In my spare time, when I’m not writing this drivel, I sit on a fundraising committee for the advertising and media industry in Scotland called NABS (National Advertising Benevolent Society). It pays for the repair of broken Ferrari axles and so on. (That’s a joke!)
Last night was the inaugural Burns Supper for said charity and despite doing bugger all in terms of organising it I found myself on the top table clapped in as we followed the piper into the the main suite at the Roxburgh Hotel in Edinburgh. Then, to my delight, I found I was seated next to wit and raconteur, Charlie Mclean, one of world’s greatest authorities on Malt whisky and allegedly the most famous whisky writer in Macedonia.
He can certainly lay claim to having one of the more distinguished moustaches in Edinburgh.
It transpires that all that nosing, swirling and spitting out of whisky to “taste” it is a load of bollocks. You just neck it and move on. That was an interesting and reassuring insight. Between us and not many others we “nosed” a bottle of Old Poulteney.
The event was a triumph and Keith Crane should be knighted or something for his efforts.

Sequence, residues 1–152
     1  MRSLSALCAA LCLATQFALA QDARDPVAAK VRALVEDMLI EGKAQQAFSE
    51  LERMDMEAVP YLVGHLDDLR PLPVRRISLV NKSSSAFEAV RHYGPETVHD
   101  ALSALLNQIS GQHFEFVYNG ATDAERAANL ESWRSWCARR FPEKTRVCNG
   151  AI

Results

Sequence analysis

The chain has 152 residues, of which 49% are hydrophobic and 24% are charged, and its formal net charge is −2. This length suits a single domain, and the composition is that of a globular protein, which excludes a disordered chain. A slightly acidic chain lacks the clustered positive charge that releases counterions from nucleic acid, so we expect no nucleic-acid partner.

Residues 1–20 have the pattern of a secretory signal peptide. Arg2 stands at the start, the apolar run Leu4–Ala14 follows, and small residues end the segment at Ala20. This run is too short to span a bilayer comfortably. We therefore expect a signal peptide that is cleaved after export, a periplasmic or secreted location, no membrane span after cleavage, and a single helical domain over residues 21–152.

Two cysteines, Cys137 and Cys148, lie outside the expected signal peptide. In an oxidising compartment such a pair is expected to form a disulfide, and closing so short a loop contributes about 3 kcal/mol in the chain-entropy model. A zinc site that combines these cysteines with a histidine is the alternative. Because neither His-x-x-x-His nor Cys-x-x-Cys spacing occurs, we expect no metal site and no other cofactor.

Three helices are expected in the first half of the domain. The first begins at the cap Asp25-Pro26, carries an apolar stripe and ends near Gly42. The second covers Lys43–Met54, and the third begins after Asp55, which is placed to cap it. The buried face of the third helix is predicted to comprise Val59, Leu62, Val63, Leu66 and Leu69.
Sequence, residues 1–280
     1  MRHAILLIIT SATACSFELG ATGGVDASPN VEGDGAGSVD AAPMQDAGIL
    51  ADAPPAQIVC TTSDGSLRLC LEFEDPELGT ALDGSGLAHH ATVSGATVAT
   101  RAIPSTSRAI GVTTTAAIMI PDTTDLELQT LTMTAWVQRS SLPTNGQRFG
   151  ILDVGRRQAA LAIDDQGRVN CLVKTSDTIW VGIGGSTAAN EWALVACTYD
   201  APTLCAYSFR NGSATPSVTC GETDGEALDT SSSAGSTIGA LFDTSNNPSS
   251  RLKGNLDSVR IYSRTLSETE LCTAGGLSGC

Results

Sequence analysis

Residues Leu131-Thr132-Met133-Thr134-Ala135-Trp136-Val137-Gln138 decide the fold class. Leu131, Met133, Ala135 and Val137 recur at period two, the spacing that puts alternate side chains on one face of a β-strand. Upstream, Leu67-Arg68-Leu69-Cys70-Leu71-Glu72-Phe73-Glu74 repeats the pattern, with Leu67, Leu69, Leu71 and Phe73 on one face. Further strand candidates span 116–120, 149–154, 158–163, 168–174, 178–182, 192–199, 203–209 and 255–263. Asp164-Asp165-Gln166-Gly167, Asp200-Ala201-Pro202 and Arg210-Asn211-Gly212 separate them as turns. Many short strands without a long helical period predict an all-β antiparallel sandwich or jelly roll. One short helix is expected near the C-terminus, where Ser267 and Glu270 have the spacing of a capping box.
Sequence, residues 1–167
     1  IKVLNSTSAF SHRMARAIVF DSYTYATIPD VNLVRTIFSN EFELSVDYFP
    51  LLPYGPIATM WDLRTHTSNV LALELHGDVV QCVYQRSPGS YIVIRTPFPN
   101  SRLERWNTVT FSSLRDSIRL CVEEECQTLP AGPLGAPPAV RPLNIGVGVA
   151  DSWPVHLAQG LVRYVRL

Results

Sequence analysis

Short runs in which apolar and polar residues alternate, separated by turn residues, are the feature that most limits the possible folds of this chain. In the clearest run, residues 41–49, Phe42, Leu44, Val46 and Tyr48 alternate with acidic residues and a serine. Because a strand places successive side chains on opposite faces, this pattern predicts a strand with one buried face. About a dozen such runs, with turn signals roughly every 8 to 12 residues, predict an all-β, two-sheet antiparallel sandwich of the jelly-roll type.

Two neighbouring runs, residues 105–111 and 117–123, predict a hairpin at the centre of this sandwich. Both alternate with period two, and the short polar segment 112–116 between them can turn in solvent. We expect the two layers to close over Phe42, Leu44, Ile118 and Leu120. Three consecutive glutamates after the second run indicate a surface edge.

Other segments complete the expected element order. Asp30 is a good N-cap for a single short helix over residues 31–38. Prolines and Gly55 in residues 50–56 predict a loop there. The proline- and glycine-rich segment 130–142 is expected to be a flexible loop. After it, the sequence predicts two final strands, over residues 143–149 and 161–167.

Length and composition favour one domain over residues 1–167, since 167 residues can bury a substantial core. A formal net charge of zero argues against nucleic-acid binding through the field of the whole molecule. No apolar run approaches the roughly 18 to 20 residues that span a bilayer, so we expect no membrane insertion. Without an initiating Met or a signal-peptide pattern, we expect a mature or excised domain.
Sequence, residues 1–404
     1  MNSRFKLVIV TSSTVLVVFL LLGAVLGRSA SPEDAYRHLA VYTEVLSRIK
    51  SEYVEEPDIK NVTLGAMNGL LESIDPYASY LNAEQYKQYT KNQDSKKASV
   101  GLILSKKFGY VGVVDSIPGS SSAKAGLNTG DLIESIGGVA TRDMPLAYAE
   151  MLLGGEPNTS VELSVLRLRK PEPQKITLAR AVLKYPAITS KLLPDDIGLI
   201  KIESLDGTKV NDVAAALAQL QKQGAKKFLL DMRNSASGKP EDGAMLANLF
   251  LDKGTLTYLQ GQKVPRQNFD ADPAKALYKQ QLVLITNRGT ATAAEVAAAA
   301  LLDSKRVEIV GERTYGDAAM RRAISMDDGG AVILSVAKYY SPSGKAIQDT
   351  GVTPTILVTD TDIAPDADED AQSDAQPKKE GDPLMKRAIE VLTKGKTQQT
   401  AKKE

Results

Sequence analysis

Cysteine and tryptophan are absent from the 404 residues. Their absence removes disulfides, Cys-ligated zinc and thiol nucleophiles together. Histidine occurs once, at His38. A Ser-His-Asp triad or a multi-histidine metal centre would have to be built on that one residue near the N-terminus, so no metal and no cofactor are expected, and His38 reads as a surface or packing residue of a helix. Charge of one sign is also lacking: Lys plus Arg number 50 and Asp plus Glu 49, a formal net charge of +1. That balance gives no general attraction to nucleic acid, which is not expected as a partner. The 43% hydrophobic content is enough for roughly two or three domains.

My highlight of the evening was, on telling Charlie that he must read a sublime Newfoundland collection of short stories by Alastair Mcleod, called “The lost Salt Gift of Blood” which had been recommended to me by Simon Scott he told me that he had recommended it to Simon Scott.
Now, this is a book that is beyond reviewable. It is possibly the finest book I have ever read (pre blog days) and concerns itself with life in Newfoundlanfd. Taut, sparingly written and seemingly monochromatic it is a bleak but intense insight into human life.
It’s been out of print for years but second hand copies are available through Amazon. Sadly, I lent my copy to some bastard who never gave it back to me but I urge you to read it.
(If you are the bastard I leant it to could you give it back please.)
I played golf in the winter league this morning. I think the “nosing” affected my performance a tad. Four 7’s on the back nine not being the basis of great success, although my partner, Jon Rough (good name for golf), pissed it and won the medal.
(PS. I gave the book to the Mrs, so forget the above random accusation.)